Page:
I’m sure you’re wondering, what do I even teach my kids in high school?
Depending on state laws, you can do whatever you want. If you want your child to do math every year, then that’s what they’ll do, regardless of what the public school is doing. (Again, your state laws trump anything I say here.)
Mapping out all 4 years of high school is a good idea.
This is not as big of a task as it sounds like. Just sit down with your child in the summer before 9th grade and figure out how much of each subject area they would like to do.
If you want 4 years of math, then you would simply write out a math level for each grade.
9th Grade: Pre-Algebra
10th Grade: Alegebra 1
11th Grade: Geometry
12th Grade: Algebra 2
Then just do this with each subject area, such as history, English, science and so on.
In no time, you’ll have a simple and easy map for your child’s high school career!
Now you may be wondering, how much math are they supposed to have? How much English?
There are many ways to figure this out, but here’s what I do.
I go onto my state college website, in this case it’s the University of Nebraska-Lincoln. There they have a list of requirements for incoming freshman.
This means that every child who comes into UNL as a freshman needs to have these classes. This list becomes my child’s high school class list!
All the thinking is done for me!
Now, UNL is not a top, Ivy League school, but it is a very run-of-the-mill type college. Most colleges would have similar requirements as UNL, so I can confidently use them as a baseline.
If my child figures out in 11th grade that she wants to attend a different college, I would go to that college’s website and look at their freshman requirements and switch to that as my guide for the remainder of their high school career.
Here’s a screen shot of their requirements.
|All units must include intensive reading and writing experience. Innovative interdisciplinary courses and courses in speech and journalism may be substituted if they include substantial amounts of reading and writing.|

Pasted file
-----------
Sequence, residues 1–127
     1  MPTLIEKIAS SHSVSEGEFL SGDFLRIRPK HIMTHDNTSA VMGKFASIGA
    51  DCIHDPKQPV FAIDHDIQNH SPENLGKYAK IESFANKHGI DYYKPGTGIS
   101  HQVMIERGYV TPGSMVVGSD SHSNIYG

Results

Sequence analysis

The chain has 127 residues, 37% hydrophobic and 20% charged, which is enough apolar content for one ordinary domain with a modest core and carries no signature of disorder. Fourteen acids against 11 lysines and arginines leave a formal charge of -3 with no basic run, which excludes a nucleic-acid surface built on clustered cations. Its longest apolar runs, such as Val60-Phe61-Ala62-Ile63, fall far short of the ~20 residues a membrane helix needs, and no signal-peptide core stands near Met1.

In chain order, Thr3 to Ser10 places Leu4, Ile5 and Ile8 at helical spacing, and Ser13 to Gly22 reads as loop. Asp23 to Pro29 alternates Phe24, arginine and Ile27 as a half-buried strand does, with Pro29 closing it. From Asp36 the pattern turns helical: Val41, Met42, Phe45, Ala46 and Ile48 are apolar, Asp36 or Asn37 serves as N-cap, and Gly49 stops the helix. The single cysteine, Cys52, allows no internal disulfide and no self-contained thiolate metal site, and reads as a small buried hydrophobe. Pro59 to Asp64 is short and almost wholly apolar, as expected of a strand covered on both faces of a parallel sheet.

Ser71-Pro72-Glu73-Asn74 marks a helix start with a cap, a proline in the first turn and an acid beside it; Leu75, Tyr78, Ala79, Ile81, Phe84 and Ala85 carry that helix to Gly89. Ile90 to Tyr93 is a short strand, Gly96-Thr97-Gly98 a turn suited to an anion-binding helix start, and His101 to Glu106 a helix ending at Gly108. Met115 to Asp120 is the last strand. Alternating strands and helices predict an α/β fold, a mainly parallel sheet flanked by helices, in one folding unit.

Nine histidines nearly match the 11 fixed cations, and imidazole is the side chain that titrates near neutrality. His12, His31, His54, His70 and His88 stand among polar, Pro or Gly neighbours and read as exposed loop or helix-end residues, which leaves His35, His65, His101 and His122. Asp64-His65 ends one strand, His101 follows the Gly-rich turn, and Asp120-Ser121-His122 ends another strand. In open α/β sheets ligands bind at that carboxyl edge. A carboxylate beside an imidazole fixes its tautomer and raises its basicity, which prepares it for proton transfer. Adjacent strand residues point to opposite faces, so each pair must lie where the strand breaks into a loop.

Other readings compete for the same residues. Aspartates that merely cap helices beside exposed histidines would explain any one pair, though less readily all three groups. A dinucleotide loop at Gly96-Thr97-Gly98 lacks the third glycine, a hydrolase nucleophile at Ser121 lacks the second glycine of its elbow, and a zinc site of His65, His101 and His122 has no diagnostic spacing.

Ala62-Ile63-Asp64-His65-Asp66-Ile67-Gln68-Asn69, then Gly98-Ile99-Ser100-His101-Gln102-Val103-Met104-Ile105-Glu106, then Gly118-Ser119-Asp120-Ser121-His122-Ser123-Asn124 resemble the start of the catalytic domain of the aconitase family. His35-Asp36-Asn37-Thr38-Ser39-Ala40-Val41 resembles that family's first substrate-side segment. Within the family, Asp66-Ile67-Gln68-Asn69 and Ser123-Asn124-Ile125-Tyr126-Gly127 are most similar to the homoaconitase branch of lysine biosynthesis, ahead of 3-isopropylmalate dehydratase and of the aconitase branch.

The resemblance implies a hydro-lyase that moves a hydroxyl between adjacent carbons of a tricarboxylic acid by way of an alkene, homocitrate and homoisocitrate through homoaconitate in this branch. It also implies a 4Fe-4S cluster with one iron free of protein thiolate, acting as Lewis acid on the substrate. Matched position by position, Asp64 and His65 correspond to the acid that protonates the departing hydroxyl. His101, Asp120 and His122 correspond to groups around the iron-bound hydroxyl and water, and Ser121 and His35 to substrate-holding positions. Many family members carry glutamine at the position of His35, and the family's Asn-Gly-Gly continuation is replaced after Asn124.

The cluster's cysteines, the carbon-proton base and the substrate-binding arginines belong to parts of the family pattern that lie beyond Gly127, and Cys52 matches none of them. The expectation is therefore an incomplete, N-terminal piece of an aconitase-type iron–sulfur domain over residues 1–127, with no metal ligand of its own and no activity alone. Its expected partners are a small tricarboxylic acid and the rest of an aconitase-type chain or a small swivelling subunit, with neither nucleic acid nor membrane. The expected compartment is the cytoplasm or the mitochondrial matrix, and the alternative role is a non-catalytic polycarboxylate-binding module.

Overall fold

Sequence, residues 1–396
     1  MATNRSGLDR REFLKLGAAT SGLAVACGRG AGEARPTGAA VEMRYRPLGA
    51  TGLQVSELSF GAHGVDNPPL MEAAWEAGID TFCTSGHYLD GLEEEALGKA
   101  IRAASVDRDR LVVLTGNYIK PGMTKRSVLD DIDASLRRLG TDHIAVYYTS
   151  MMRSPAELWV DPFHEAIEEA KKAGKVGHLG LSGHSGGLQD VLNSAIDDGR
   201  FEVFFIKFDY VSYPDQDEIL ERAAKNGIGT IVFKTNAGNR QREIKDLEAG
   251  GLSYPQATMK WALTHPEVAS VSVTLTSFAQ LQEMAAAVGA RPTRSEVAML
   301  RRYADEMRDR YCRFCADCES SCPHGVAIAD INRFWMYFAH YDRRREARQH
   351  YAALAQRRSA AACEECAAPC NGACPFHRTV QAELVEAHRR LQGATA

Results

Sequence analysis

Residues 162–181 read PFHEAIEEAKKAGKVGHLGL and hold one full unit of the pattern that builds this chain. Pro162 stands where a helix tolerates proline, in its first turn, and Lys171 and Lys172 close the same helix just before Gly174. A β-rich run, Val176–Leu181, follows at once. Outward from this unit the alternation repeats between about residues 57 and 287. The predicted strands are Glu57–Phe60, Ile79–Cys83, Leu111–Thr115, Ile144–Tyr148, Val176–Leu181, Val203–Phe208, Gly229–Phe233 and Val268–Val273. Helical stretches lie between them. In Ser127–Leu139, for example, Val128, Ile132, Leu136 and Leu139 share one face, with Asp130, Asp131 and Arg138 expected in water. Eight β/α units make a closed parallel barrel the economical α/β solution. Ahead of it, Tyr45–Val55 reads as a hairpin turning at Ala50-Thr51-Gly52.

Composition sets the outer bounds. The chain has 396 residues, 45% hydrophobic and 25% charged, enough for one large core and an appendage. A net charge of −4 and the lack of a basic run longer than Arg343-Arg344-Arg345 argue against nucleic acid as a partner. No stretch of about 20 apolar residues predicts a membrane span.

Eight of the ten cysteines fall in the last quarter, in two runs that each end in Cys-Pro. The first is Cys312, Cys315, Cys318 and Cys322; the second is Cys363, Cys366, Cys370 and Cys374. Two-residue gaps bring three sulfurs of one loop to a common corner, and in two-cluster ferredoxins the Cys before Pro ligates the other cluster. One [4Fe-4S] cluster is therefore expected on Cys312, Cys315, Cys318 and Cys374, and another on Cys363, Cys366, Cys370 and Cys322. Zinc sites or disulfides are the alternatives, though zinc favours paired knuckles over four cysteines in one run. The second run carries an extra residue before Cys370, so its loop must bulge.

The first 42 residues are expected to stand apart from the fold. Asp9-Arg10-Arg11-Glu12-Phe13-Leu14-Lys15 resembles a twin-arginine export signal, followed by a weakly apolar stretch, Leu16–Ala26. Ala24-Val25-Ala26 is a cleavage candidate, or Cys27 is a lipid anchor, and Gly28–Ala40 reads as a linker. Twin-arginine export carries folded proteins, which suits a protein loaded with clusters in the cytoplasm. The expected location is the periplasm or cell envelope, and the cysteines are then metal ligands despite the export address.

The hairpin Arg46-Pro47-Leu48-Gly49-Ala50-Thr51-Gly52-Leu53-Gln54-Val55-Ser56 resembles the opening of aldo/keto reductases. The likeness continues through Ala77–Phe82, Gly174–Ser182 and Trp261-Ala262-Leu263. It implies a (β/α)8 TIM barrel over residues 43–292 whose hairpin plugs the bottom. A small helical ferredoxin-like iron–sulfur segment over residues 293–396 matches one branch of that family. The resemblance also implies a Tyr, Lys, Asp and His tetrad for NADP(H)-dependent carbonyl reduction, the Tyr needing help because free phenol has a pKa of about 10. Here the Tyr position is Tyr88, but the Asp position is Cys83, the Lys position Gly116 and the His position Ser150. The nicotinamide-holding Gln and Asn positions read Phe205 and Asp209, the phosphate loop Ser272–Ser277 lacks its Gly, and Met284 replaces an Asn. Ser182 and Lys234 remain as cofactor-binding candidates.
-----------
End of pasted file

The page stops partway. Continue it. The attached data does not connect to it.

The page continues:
|Mathematics||4||Must include Algebra I, II, and Geometry, and one additional unit that build on a knowledge of Algebra II.|
|Social Sciences||3||At least one unit of American and/or world history and one additional unit of history, American government, and/or geography.|
|Natural Sciences||3||At least two units selected from biology, chemistry, physics, and earth sciences. One of the units must include laboratory instruction.|
|Foreign Language||2||Students who are unable to take two years of foreign language in high school may still qualify for admission. Such students will be required to take two semesters of foreign language at the University of Nebraska. These students are still required to complete 16 units of academic courses for admission.|
|Total Units||16|| |
Now, this is only showing 16 credits and most high schools would require more than that to graduate.
A couple of classes that are missing here are PE and Fine Arts. I looked at my local high school and they also have classes like Career Ed, Health (which is required in my state for homeschools as well), and Technology.
Adding in those types of classes would get you more credits than even UNL is requiring. But again, this is just a blueprint to help provide you with some structure and a starting point. You can add in any classes you need based on your state laws or that you want, based on your family’s values.
HSLDA has some great resources, including different plans already done for you.
Here is another great resource, showing each state’s homeschool high school credit requirements.